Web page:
“Several hurdles prevent a quick and easy resolution to this matter. The General Assembly has restricted the ability of local governments to permanently relocate objects of remembrance, while active litigation in state courts and potential legislation lend further uncertainty to applicable state laws,” according to the city’s statement.
Although the move was deemed ‘temporary’ it has been several months since the statues came down, and it could be some time before their fate is determined since the city is waiting for rulings from the courts in other instances.
“We’ve asked our city attorney to take a look at that active litigation for putting statues up and taking them down, as those court cases move through the system our city attorney will be advising us and giving us, hopefully good advice, as to what we can and cannot do and we will take appropriate action based on a lot of the opinions he will give us,” Saffo said.
When asked for his personal opinion on whether or not the monuments belong in Wilmington in such prominent locations, Saffo said his opinion did not matter in this and it would be up to city council.
“That’s a decision that the council is going to make, my opinion is irrelevant in this particular decision. This will be a council decision that the community will have an opportunity to hear what we have to say and how we’re going to make that decision … I hope that we’ll come together at some point in time and make that decision, sooner rather than later,” Saffo said.
The mayor might not be ready to make his thoughts on the monuments public, others have voiced their opinions both in favor of, and against the removal of the statues.
“Historic Wilmington Foundation (HWF) supports the lawful and safe removal of the George Davis monument at Third and Market as well as the Wilmington Confederate monument at Third and Dock. These artworks do not represent the values of the City of Wilmington or this organization. It is HWF’s hope that the monuments will be relocated to a location where they may be preserved, interpreted, contextualized, and used expressly for educational purposes, rather than to continue to serve as visual public reminders of racial injustice,” former executive director of HWF Beth Rutledge said in an emailed statement last year.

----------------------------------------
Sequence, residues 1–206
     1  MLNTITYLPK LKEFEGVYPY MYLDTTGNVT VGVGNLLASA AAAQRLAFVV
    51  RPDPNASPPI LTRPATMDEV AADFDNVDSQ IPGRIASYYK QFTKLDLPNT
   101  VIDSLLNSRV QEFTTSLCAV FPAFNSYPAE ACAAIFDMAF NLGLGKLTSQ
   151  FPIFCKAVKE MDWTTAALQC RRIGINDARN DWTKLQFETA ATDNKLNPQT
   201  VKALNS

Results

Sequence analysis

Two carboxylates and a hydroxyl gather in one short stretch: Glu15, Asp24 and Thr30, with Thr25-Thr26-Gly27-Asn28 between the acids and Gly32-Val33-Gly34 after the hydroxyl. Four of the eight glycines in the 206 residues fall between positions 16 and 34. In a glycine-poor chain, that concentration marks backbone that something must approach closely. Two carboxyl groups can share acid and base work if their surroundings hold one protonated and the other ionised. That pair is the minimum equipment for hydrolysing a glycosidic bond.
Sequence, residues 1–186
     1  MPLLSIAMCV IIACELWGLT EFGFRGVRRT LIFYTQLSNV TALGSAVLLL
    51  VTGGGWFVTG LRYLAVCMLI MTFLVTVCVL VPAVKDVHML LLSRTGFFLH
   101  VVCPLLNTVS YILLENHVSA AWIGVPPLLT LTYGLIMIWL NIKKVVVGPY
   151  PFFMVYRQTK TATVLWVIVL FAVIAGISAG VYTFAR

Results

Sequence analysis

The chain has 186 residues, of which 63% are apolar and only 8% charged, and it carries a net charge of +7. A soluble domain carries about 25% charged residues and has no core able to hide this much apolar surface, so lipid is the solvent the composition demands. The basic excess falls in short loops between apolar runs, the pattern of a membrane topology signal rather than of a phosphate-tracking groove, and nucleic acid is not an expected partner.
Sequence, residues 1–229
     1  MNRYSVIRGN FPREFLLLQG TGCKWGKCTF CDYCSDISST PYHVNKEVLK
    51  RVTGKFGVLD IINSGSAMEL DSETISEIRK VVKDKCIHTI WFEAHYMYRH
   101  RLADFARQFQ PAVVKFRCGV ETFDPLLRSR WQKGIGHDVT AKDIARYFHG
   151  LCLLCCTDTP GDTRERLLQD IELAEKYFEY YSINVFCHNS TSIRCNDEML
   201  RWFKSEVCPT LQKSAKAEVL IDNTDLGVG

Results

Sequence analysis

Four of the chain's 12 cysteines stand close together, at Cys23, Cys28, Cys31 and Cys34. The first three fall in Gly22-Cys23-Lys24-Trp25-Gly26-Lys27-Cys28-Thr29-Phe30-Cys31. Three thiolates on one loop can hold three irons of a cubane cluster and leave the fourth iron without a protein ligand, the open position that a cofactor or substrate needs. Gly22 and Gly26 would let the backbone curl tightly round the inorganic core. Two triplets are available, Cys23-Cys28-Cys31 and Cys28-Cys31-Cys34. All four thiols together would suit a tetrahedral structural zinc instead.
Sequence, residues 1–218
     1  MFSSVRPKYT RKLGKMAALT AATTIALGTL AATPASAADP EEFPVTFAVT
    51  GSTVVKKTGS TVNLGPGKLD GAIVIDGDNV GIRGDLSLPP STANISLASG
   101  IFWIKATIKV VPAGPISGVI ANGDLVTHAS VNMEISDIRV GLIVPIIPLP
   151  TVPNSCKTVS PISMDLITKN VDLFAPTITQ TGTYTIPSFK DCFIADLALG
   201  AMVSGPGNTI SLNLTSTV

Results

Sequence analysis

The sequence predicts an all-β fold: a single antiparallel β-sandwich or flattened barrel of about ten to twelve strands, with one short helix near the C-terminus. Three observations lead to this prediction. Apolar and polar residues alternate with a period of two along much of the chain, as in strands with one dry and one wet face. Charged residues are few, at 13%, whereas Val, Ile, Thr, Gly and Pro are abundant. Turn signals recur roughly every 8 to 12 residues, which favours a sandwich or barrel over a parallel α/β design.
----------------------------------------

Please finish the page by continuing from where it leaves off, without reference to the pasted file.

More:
The entire City of Wilmington’s official statement on the monuments can be found below:
“Wilmington is one of many communities seeking to protect public safety while also working within applicable state laws that preserve objects of remembrance.
Several times in recent years, objects of remembrance related to the former Confederacy and other historical events have become flash points of controversy. Rallies have at times led to injury or even death, as crowds toppled and destroyed statues and altercations became violent. Beginning in June 2020, nationwide protests and rallies for social and racial justice renewed attention on the controversy surrounding certain objects of remembrance. Unfortunately, some of these also involved episodes of violence that endangered public safety.
In view of these facts, the City of Wilmington removed two statues from city property into temporary storage on June 25, 2020, citing safety and preservation concerns. Exercising its best judgment based on a reasonable assessment of current events and state law, the city maintains that the social and political climate remains highly volatile and objects of such controversy within this climate pose an ongoing threat to public safety.
Several hurdles prevent a quick and easy resolution to this matter. The General Assembly has restricted the ability of local governments to permanently relocate objects of remembrance, while active litigation in state courts and potential legislation lend further uncertainty to applicable state laws.
The City Attorney’s office will continue to monitor the evolving legal context for objects of remembrance until such a time as it can recommend options for permanent resolution, and the city will continue to exercise its best judgment to ensure public safety. At this time, city management believes the most prudent course of action is for the statues to remain in storage in accordance with the law and in the interest of public safety.”